“Give me your tired, your poor,

Your huddled masses yearning to breathe free,

The wretched refuse of your teeming shore.

Send these, the homeless, tempest-tost to me,

I lift my lamp beside the golden door!”- Emma Lazarus, “The New Colossus”

The Piscean idea, of top-down decision-making, often misses the fact that the masses themselves are taking steps to solve their own problems.

Staying Patient

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August 26, 2022- I have a residual patience issue, with people who are abrupt, discounting and themselves impatient. What a vicious circle this could be!

This noon, as I was in the midst of lunch at a local diner, a man sat down and asked my opinion about an Asian restaurant he was considering visiting. In the ensuing exchange, every comment I made was challenged or discounted, until finally he caught himself and acknowledged that everyone is different. My simmering impatience was thus dissipated and the rest of the conversation went more smoothly.

Penny used to tell me that my greatest challenge was indeed staying patient, in the face of impatience. I spent many hours contemplating just how to understand such people. What was the source of their badgering and importunity? I observed a few such folks from a distance, and listened to their exchanges with others. It seems, like so many other annoying behaviours, and a few dangerous ones, to stem from insecurity.

“A child becomes what is lived.” “Hurt people hurt people”; “The hurried child can never relax.” Thus it is that a person who never knows what it feels like to be treated with kindness and patience passes their opposites on to those who are encountered.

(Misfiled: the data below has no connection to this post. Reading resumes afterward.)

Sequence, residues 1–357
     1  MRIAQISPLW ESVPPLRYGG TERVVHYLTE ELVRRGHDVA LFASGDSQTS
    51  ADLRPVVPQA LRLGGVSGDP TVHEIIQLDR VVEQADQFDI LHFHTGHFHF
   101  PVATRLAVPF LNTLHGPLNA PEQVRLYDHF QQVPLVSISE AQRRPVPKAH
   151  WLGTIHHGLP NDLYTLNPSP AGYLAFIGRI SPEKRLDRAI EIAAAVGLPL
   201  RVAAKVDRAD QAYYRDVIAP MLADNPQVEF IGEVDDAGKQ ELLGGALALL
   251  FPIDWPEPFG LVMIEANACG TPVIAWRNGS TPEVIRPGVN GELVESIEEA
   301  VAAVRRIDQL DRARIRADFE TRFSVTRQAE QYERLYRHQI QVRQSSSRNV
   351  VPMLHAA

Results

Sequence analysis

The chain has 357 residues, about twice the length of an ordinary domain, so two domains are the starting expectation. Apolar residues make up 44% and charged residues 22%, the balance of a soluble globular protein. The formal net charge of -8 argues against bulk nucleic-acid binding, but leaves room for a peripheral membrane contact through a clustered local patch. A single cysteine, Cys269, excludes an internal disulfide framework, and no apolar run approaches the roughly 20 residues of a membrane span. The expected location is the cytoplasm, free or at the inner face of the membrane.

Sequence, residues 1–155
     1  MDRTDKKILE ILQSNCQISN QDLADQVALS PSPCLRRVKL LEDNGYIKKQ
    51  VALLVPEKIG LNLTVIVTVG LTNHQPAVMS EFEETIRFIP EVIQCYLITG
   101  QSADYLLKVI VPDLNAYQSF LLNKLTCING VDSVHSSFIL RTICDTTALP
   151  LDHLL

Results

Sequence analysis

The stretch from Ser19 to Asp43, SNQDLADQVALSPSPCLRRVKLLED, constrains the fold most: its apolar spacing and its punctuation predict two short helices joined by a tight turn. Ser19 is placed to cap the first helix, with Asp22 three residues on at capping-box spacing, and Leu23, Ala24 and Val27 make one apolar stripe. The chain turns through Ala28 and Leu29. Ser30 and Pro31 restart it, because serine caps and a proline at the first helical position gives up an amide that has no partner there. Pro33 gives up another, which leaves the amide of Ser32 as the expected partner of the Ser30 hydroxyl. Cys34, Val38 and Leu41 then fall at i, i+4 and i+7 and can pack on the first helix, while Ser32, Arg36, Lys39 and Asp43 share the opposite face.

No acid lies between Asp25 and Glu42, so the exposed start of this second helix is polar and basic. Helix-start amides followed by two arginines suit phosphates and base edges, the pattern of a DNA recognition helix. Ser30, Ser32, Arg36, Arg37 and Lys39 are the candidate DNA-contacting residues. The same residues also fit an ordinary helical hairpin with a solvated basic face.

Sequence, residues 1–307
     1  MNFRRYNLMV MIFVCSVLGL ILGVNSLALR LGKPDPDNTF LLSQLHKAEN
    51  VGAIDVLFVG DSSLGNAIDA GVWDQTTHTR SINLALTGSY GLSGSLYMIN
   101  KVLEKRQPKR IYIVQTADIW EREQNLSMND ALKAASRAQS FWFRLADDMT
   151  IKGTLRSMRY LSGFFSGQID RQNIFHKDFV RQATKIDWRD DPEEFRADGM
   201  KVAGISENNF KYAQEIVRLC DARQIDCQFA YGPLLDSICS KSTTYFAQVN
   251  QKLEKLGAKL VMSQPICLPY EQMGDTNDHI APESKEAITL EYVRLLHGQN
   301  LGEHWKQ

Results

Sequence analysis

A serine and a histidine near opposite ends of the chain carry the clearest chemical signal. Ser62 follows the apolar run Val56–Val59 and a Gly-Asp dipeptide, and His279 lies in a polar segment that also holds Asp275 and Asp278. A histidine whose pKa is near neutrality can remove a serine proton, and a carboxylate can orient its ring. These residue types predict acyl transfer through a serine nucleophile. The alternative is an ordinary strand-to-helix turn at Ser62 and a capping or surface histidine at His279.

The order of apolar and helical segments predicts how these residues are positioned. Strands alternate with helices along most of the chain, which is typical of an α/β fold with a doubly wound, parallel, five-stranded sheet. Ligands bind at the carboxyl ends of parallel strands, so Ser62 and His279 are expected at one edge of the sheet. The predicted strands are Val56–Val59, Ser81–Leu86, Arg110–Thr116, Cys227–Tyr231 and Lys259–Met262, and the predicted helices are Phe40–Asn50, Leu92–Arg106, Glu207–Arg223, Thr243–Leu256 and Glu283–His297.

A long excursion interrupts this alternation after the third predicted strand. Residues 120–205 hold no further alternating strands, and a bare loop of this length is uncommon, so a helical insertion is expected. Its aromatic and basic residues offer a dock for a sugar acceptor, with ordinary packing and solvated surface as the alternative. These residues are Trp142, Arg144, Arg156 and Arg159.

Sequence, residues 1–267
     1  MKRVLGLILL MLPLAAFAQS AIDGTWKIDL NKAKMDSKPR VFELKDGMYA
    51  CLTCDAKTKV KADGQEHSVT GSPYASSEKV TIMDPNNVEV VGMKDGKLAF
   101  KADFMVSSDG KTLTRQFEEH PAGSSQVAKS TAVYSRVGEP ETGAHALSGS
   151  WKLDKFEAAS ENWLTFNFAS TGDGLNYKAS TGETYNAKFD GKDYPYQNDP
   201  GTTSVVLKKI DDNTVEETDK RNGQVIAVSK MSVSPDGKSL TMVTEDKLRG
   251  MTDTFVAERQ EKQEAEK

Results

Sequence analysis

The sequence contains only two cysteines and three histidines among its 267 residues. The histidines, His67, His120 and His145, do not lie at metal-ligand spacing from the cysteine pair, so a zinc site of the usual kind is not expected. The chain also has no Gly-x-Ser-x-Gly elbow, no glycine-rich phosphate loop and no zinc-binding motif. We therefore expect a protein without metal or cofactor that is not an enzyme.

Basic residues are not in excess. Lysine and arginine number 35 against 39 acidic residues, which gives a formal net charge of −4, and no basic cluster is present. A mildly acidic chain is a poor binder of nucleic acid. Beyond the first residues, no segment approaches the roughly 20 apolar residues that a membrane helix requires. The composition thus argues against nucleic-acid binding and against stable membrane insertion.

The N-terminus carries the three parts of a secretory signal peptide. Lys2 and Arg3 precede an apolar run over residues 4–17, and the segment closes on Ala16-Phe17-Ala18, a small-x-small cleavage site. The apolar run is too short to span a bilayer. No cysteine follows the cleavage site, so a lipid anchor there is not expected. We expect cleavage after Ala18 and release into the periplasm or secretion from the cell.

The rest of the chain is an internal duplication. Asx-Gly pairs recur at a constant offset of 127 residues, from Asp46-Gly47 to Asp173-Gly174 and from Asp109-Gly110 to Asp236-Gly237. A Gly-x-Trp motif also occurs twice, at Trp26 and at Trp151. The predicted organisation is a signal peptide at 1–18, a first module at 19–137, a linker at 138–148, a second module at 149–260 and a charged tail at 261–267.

I chose to break the cycle today, and it saved both of us a ton of grief.

Game Plans

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August 21, 2022- This evening, I came upon a film called ” A Feral World”, in which a teen boy and a woman have a chance meeting in the wilderness of what looks like the Front Range of Colorado, following a widespread disaster, which has rendered the human race into scattered groups of men, women and children, operating in survival mode. One clever and amoral man has gathered a group of children and teens around him, Fagin-like, and sends them out to scavenge items from abandoned factories and stores, with private homes also on the table. One of these is the daughter of the woman mentioned above, who is in fact searching for her daughter. He sends a swarm of genetically-engineered bees to help the scavengers. The bees can cause a human or animal to become liquefied.

This scenario plays out, in a bittersweet manner. It struck me as similar to several tyrant stories, both real and fictional, which have been in the public view over the centuries. Tyrants who are successful, up to a point, always have a plausible excuse for each of their actions, no matter how vile. They rely on a combination of fear, grooming techniques, deception and deflection of blame-including what is called “whataboutism” . Those who are duped by these tactics are often people who have felt left out of the march of history and progress. They were in the vanguard of the social hierarchy, for a fairly good stretch of time, but find movements to include others, who have a history of deprivation, in society’s path forward to be both incomprehensible and threatening. They fall for the notion of a zero-sum game.